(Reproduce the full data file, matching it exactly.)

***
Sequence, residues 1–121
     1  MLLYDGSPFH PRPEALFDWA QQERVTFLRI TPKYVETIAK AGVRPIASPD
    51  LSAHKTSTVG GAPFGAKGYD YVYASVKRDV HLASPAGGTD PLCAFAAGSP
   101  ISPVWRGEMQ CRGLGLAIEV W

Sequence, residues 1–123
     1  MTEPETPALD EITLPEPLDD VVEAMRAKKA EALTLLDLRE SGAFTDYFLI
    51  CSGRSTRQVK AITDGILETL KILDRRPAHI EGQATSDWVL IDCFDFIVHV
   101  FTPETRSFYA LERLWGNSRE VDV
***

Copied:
Sequence, residues 1–121
     1  MLLYDGSPFH PRPEALFDWA QQERVTFLRI TPKYVETIAK AGVRPIASPD
    51  LSAHKTSTVG GAPFGAKGYD YVYASVKRDV HLASPAGGTD PLCAFAAGSP
   101  ISPVWRGEMQ CRGLGLAIEV W

Sequence, residues 1–123
     1  MTEPETPALD EITLPEPLDD VVEAMRAKKA EALTLLDLRE SGAFTDYFLI
    51  CSGRSTRQVK AITDGILETL KILDRRPAHI EGQATSDWVL IDCFDFIVHV
   101  FTPETRSFYA LERLWGNSRE VDV